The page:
That doesn’t mean we shouldn’t pursue justice diligently as God’s ambassadors of mercy and peace. To the contrary! This parable is about those characteristics of resilience that develop when we decide never to give up, even in face of the insurmountable obstacles before us. Resilience is the strength of character to keep going even when we encounter challenges. It can be grown or developed, like a muscle. 

Resilience manifests itself individually and collectively. When we talk about being resilient and having the strength of character not to give up, being resilient can be done individually by encouraging yourself. You can find it within yourself to keep going, even when it seems that all odds are stacked against you. This is why Jesus tells the story “to show them that they should always pray and not give up.” Prayer cultivates perseverance. And, what is more, within you is the Spirit of God, who intercedes on your behalf. 

Resilience can also be experienced in the community. It’s the idea that those who are on your side and know your story can come to support you through prayer, words of encouragement, and by physically coming to your aid to help with your needs. 

The judge in the parable does not represent God. The judge is unjust and doesn’t care about what this widow needs. Jesus tells this parable to his disciples to help them understand that if this judge who is unjust finally listens to the woman’s request and grants her justice, how much more will a loving and just God answer the petitions of his own children who cry out for help.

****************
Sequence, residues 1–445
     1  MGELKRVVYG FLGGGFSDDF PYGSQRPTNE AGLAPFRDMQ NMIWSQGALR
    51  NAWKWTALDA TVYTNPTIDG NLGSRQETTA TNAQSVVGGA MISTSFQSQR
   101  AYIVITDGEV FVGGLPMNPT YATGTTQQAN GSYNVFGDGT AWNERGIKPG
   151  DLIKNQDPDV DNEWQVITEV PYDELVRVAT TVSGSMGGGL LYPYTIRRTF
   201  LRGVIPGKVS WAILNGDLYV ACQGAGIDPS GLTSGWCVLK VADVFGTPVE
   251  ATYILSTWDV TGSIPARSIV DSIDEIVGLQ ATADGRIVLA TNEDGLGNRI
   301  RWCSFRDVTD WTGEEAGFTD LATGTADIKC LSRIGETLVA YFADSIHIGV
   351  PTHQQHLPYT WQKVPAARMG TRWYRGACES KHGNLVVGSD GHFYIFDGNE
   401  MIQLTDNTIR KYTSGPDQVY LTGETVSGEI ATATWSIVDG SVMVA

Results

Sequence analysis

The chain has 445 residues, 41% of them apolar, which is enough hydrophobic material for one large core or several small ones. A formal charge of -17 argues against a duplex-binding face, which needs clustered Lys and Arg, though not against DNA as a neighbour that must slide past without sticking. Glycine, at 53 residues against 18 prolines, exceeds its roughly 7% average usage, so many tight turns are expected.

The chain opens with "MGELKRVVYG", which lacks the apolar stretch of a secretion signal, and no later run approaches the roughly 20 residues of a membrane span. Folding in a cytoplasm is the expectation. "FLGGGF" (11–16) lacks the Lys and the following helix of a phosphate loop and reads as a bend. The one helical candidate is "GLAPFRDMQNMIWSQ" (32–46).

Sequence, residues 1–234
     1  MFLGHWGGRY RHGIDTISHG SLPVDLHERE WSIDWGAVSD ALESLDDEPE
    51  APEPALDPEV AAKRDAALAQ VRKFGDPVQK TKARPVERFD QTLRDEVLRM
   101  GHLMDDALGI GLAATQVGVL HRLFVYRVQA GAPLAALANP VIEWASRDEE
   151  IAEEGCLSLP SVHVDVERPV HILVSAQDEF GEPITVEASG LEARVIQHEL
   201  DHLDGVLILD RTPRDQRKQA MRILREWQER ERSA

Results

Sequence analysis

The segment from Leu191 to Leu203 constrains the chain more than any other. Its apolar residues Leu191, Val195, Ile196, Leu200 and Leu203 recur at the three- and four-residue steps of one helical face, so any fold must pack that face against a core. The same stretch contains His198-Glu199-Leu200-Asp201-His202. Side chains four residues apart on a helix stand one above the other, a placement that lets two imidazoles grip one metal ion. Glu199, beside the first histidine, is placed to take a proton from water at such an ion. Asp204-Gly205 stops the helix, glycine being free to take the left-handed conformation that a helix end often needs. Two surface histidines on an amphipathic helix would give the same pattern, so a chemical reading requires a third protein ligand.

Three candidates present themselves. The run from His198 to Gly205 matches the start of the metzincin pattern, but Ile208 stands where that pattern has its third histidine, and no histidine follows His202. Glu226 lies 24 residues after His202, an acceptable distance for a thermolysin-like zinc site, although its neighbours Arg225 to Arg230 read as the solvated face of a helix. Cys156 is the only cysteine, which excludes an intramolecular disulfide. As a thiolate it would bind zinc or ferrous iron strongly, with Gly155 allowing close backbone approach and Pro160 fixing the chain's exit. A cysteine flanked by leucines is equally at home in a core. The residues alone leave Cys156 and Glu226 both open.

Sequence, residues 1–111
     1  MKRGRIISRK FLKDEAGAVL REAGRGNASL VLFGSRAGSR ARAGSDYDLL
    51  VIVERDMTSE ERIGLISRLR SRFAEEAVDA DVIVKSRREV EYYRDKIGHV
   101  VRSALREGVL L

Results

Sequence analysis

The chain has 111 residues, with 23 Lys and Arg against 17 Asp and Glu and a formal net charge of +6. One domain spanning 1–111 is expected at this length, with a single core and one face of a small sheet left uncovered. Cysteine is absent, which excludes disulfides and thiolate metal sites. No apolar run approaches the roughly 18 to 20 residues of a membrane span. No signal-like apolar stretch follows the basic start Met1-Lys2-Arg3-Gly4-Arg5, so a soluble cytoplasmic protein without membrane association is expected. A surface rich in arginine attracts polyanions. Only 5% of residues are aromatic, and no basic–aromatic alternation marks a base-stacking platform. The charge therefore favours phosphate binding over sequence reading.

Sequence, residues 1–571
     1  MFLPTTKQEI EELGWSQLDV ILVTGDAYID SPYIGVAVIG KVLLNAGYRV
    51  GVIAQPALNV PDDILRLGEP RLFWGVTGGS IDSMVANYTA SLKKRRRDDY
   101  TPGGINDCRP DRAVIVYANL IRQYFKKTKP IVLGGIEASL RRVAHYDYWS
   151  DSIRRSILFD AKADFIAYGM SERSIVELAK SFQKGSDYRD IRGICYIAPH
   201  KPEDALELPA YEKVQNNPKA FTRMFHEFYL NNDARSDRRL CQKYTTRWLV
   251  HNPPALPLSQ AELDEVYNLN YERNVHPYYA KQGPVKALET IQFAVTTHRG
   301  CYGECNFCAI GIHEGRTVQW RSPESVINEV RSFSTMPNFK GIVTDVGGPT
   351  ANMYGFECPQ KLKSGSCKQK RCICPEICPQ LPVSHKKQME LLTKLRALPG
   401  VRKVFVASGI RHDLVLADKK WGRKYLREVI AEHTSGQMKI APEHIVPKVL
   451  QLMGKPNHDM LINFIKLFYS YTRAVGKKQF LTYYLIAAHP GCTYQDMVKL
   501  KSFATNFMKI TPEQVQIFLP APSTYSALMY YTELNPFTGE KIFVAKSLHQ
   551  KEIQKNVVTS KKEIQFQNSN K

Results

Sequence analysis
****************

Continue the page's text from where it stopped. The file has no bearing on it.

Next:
This widow’s persistence illustrates our need to pray without ceasing (1 Thessalonians 5:17). Prayer changes us more than it changes the people around us. It deepens our faith and trust in God and empowers us to wait with hope for God to act. It’s the reason why Jesus ends the parable to his disciples with the question of whether or not the Son of Man will find anyone faithful when he comes—which is to say, as Eugene Peterson put it, “will He find men and women who are still praying, who have not given up, who have not lost heart?”1 

This gospel passage thus challenges us not just to pray but to trust in God. Even when the justice that we seek does not come immediately, will we have enough faith to endure until change happens? 

She Is Called and We Are Called

The persistent widow is an example of the oppressed and marginalized in our society. The judge is the earthly powers of privilege that stand in the way of those seeking justice and equity. Her persistence and resilience illustrates our need to go before God, who fights for justice on our behalf, and also to pursue justice in earthly channels. We may not see the full picture of a just society in our lifetimes, but we can continue praying, seeking, knocking, and asking God to vindicate in all areas of our lives.